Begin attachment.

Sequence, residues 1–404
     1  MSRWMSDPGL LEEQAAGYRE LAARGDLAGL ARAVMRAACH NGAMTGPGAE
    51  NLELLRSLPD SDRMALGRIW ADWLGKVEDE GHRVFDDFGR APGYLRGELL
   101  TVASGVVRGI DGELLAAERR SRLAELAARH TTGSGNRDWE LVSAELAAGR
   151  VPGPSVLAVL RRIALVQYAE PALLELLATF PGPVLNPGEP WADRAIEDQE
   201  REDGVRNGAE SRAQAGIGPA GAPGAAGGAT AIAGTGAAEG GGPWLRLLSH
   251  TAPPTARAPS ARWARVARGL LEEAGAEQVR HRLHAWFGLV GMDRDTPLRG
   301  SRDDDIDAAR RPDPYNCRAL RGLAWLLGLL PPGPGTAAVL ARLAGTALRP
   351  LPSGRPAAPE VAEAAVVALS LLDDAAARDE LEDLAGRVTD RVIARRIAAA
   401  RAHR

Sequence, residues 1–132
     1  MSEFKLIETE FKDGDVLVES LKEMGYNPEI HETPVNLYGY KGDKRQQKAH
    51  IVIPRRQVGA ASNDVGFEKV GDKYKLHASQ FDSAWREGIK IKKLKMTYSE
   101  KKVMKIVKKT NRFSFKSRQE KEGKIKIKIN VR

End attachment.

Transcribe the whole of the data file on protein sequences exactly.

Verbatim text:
Sequence, residues 1–404
     1  MSRWMSDPGL LEEQAAGYRE LAARGDLAGL ARAVMRAACH NGAMTGPGAE
    51  NLELLRSLPD SDRMALGRIW ADWLGKVEDE GHRVFDDFGR APGYLRGELL
   101  TVASGVVRGI DGELLAAERR SRLAELAARH TTGSGNRDWE LVSAELAAGR
   151  VPGPSVLAVL RRIALVQYAE PALLELLATF PGPVLNPGEP WADRAIEDQE
   201  REDGVRNGAE SRAQAGIGPA GAPGAAGGAT AIAGTGAAEG GGPWLRLLSH
   251  TAPPTARAPS ARWARVARGL LEEAGAEQVR HRLHAWFGLV GMDRDTPLRG
   301  SRDDDIDAAR RPDPYNCRAL RGLAWLLGLL PPGPGTAAVL ARLAGTALRP
   351  LPSGRPAAPE VAEAAVVALS LLDDAAARDE LEDLAGRVTD RVIARRIAAA
   401  RAHR

Sequence, residues 1–132
     1  MSEFKLIETE FKDGDVLVES LKEMGYNPEI HETPVNLYGY KGDKRQQKAH
    51  IVIPRRQVGA ASNDVGFEKV GDKYKLHASQ FDSAWREGIK IKKLKMTYSE
   101  KKVMKIVKKT NRFSFKSRQE KEGKIKIKIN VR